Page checklist not cacheable

  • Use POST requests to modify the status of Magento (for example, adding shopping cart, wish list, etc.)
  • Blocks that can not be cached should be marked as non-cacheable in the design. However, keep in mind that adding a non-cacheable block to a page prevents the full-page cache from caching that page.
  • Drivers that do not use designs must set HTTP headers without cache

Private content

As private content is specific to each user, it makes sense that it is managed by the client side or browser. Magento uses the customer-data javascript library to store user content in the browser’s storage space, invalidate private data using customizable rules, and synchronize data with the server.


Create a private content source

If we want to show private content of the users in any of our modules we must create a new “Section source”.

Magento recommends using the following nomenclature in order to standardize all the Customer Source Section.


The classes that we create to show the user’s content should implement the following interface and make use of the getSectionData method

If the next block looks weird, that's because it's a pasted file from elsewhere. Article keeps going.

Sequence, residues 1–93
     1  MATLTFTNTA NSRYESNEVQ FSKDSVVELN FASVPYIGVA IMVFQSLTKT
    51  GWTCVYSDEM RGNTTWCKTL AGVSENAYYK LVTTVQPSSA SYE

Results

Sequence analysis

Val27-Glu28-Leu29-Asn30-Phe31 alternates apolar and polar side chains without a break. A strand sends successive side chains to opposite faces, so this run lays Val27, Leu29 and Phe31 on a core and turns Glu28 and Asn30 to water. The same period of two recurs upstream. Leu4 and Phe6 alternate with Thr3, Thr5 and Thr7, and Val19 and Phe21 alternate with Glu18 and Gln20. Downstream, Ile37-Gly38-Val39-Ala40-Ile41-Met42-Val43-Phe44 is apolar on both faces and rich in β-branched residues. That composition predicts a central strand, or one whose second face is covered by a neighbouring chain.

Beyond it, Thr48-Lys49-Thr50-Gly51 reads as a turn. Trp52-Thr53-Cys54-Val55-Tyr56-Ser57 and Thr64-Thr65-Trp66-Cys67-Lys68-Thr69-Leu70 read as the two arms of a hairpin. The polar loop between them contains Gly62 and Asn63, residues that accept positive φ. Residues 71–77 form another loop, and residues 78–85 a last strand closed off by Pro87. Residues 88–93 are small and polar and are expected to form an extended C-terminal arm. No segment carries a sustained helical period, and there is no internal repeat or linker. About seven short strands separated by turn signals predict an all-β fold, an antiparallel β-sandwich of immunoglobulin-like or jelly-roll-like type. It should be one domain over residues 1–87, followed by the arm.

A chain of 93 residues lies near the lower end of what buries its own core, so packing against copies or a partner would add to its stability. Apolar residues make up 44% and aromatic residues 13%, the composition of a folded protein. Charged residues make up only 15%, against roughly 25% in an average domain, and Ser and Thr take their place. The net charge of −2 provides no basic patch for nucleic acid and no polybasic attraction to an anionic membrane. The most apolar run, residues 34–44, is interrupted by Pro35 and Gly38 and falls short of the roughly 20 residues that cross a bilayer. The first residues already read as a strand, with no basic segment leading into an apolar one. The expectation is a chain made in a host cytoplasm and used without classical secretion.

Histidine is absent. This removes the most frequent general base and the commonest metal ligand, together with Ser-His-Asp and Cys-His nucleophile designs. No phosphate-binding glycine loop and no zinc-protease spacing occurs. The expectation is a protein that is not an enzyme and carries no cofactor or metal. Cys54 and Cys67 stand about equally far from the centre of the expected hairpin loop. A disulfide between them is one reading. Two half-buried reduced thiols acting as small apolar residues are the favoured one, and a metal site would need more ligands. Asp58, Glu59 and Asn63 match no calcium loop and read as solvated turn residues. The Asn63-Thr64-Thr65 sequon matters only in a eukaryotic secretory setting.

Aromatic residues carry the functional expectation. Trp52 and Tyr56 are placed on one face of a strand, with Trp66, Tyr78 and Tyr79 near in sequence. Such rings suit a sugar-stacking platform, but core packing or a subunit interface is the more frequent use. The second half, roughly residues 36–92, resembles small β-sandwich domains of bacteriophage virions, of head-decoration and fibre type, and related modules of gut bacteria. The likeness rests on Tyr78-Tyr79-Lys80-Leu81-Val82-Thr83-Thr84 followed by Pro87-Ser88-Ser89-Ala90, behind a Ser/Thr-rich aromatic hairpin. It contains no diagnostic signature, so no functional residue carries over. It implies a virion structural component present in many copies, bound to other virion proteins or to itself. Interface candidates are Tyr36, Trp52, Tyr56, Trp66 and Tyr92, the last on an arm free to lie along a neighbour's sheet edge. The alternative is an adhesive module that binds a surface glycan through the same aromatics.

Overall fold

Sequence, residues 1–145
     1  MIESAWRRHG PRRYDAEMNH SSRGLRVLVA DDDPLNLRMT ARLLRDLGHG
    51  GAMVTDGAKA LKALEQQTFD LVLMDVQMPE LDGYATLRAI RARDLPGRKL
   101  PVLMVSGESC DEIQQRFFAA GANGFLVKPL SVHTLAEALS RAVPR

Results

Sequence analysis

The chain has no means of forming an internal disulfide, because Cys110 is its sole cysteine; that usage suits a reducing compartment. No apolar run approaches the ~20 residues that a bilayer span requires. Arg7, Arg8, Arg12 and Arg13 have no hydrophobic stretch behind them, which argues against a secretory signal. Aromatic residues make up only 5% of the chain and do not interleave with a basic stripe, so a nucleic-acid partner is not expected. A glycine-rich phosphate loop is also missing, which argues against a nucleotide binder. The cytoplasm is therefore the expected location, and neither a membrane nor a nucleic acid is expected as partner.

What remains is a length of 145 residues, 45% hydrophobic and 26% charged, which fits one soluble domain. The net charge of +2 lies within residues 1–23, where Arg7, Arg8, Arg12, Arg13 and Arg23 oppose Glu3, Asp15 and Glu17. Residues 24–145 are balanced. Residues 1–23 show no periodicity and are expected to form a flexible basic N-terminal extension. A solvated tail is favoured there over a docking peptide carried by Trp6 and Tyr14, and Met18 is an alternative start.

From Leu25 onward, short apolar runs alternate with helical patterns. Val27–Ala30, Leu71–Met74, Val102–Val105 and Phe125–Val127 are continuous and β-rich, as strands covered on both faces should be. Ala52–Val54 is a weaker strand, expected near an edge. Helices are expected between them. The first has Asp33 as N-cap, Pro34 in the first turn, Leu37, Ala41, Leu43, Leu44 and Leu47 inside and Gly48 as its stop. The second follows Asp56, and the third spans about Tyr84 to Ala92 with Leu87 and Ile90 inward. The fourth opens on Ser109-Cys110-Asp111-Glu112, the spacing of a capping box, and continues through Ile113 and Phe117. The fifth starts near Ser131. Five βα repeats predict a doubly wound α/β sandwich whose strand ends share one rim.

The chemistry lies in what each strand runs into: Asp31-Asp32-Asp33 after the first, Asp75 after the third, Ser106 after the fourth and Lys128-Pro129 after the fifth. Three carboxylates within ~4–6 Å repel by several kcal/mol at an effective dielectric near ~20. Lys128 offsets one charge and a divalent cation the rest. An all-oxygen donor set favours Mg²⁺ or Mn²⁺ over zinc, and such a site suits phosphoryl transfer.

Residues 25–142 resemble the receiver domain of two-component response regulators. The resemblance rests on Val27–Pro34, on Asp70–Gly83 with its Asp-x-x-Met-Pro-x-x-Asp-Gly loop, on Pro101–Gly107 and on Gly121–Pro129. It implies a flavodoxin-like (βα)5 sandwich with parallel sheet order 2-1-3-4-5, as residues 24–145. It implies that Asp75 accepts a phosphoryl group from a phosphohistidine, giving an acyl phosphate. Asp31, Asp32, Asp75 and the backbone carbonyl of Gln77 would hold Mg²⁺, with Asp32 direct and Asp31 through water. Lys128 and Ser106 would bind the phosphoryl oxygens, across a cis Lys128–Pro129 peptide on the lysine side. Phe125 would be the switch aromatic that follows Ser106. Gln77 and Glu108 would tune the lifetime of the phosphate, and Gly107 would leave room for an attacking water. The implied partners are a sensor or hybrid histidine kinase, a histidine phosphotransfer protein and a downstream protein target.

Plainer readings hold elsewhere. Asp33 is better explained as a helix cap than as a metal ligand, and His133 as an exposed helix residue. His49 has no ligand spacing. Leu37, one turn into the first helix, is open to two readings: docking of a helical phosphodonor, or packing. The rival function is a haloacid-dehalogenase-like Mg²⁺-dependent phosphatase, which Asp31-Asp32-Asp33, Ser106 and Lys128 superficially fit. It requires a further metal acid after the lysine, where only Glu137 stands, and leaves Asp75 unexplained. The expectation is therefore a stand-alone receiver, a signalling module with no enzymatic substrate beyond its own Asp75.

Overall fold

We will have to define said Data source in our file di.xml


This configuration links to the DataSource file that will be used in our template.


Render private content

Once we have defined the data Source we need a block and a template to show the private content. This private content will be rendered using the Ui component.

The private content will be replaced using placeholders in the blocks (using the Knockout syntax). To let Knockout know the origin of the private data that you have to insert in our template, we will have to specify the following element data-bind = “scope: ‘compareProducts'”, which marks the link with our compareProducts declared in the file di.xml , in the html.


From this phtml we can see how calls are made to the DataSource data defined in compareProducts.

<a data-bind="attr: {'href': compareProducts().listUrl}"

Invalidate private content

To be able to invalidate the cache of the blocks that generate private content we will have to configure the file sections.xml


This file defines a series of POST and PUT requests that invalidate the cache of the block used by the DataSource compareProducts